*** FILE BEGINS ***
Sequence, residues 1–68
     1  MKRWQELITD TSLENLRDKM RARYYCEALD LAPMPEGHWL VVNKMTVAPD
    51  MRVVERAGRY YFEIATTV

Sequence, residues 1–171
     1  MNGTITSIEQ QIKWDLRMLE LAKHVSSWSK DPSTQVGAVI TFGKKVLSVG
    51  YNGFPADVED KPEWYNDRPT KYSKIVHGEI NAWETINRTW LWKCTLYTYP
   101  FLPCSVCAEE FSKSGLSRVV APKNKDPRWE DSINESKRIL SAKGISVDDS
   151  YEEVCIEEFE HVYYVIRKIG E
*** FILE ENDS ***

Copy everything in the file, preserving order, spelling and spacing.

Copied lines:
Sequence, residues 1–68
     1  MKRWQELITD TSLENLRDKM RARYYCEALD LAPMPEGHWL VVNKMTVAPD
    51  MRVVERAGRY YFEIATTV

Sequence, residues 1–171
     1  MNGTITSIEQ QIKWDLRMLE LAKHVSSWSK DPSTQVGAVI TFGKKVLSVG
    51  YNGFPADVED KPEWYNDRPT KYSKIVHGEI NAWETINRTW LWKCTLYTYP
   101  FLPCSVCAEE FSKSGLSRVV APKNKDPRWE DSINESKRIL SAKGISVDDS
   151  YEEVCIEEFE HVYYVIRKIG E